classIds= 0=Never classified,
3=Low Vegetation,
4=Medium Vegetation,
5=High Vegetation,
7=Low Point (noise),
8=Model Key Point,
11=Road Surface,
13=Wire Guard,
14=Wire Conductor,
15=Transmission Tower,
16=Wire-structure Connector,
17=Bridge Deck,
18=High Noise

If the training succeeded, the tree model is saved to file as defined by the classificationModel parameter. Changing this parameter allows creating different models for later usage.

Confusion matrix

At the end of the cross-validation stage, a confusion matrix is printed. This is a quantitative comparison of the reference classes to the estimated classes obtained from the trained model. The rows of the matrix represent the reference classes whereas columns describe the estimated class labels.

Fig 5: Confusion matrix of the Niederrhein dataset

The confusion matrix reveals classes that can be estimated well (w.r.t. completeness and correctness) and problematic ones by checking EoO (Error of Omission) and EoC (Error of Correctness). E.g. in the Niederrhein example (see Figure 5) the completeness of class 11 (Road Surface), 30 (Walls) and 31 (Groyne) is below 30%. Estimated road surface points (see column 11 in Figure 5) are either ground (class 2), water (class 9) or road surface points (class 11). This is not surprising since all three classes do have very similar geometry properties (smooth flat region). The differentiation is based on the calibrated reflectance attribute which obviously doesn't perform well enough. The situation is similar for groynes (class 31) which is why ground points are also labelled as class 31. Their distinctive property that they are surrounded by water is not described by any of the used attribute features. The poor quality of wall points is evident when inspecting those points visually. The point density of this dataset is simply not high enough and the buildings are too low, respectively, that walls are properly captured by the laser scanner (see Figure 6).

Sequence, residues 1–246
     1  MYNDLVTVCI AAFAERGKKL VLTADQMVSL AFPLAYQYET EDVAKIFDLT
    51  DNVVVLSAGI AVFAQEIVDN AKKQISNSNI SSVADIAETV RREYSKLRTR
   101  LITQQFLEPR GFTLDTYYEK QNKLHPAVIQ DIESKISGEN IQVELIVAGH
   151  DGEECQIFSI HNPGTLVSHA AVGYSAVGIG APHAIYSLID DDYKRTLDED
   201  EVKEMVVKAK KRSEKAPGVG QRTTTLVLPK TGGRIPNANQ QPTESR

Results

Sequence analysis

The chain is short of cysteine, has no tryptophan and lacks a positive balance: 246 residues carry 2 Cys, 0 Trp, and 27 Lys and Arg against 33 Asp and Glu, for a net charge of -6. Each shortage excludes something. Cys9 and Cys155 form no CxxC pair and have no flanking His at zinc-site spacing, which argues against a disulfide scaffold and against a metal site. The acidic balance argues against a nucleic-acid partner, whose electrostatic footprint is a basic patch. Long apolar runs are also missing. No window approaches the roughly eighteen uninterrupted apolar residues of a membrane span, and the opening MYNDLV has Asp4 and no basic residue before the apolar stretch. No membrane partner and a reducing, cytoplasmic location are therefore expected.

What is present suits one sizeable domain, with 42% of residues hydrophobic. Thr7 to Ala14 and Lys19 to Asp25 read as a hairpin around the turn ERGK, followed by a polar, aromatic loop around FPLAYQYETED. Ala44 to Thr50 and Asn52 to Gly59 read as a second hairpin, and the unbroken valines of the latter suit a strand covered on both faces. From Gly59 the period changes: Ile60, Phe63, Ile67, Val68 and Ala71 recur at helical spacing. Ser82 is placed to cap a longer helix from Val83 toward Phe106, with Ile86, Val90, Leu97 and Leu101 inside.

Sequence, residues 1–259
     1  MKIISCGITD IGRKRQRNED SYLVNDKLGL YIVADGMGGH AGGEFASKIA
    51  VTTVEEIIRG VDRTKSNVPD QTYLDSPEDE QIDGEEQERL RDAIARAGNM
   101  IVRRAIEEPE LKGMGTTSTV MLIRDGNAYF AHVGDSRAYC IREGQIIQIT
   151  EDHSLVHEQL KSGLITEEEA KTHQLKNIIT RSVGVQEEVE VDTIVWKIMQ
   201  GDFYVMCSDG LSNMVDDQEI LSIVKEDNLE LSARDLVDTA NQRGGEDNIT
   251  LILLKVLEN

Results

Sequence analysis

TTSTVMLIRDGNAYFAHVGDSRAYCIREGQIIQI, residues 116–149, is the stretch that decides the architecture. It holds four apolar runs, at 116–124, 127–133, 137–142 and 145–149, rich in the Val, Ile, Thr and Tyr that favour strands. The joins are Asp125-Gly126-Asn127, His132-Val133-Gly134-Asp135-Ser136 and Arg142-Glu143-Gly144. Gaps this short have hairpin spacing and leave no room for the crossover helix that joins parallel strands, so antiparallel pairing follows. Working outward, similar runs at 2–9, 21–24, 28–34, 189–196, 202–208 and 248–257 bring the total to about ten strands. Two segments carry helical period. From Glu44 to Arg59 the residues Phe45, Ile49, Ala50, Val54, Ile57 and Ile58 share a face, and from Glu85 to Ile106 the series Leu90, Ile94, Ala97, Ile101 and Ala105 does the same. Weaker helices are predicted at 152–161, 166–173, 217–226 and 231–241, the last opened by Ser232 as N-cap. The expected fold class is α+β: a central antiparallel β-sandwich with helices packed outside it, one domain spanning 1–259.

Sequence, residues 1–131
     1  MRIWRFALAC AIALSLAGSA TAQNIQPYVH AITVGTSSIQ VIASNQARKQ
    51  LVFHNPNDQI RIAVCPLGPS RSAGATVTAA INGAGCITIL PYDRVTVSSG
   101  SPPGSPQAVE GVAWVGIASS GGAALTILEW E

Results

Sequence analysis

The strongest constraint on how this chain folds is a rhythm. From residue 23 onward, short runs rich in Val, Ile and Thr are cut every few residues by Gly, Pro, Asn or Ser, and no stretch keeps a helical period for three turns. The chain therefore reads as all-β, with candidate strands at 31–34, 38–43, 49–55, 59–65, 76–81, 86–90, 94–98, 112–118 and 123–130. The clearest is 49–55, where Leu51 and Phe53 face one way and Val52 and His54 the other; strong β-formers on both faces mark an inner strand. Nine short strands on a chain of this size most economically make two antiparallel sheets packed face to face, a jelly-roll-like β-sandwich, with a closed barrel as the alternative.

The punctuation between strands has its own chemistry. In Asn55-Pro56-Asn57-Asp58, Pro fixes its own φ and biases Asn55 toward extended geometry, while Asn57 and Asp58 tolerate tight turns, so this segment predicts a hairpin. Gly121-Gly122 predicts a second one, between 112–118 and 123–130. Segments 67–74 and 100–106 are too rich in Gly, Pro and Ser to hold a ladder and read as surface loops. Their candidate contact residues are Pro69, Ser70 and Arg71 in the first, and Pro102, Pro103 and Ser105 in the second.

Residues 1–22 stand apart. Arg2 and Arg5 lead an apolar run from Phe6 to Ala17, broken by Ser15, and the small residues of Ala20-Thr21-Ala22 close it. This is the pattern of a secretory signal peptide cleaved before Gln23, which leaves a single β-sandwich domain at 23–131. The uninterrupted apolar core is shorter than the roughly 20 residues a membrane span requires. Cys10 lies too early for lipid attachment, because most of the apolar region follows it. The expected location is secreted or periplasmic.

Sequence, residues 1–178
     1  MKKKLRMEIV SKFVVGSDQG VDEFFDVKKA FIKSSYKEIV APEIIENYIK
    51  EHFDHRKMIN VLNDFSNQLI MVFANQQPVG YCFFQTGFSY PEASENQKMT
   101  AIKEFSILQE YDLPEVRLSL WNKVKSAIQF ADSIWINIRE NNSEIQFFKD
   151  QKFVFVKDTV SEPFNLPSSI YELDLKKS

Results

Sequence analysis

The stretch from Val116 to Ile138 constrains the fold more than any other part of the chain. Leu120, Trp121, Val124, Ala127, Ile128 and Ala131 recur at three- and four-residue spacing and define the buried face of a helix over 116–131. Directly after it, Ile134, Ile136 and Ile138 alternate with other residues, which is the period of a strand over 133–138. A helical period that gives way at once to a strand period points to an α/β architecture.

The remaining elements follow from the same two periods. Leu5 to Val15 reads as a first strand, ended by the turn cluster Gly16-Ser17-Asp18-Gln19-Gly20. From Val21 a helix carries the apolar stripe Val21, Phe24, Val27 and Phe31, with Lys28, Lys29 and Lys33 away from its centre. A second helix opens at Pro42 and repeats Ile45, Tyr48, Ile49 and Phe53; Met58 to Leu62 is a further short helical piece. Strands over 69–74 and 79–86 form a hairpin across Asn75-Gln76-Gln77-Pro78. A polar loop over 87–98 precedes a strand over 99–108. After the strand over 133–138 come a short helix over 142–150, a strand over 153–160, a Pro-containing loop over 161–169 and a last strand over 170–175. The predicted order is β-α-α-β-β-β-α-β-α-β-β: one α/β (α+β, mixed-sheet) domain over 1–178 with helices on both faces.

Fig 6: Walls (yellow) are poorly represented in the demo dataset

Finally, it should also be mentioned that the confusion matrix is also printed with absolute numbers to the OPALS log with log level verbose. This helps analysing classes that have a very low relative frequency.

How to create training data?

Due to the lack of an interactive 3D point cloud editor, it is currently not possible to visually create training data within OPALS. However, several commercial and open source software packages (e.g. MeshLab, CloudCompare, etc.) exist for this task. The labelled point cloud can then be directly processed with the preAttribute and clfTreeModelTrain script or the point labels are merged back into the existing ODM files (cf below for more details).

Apply tree model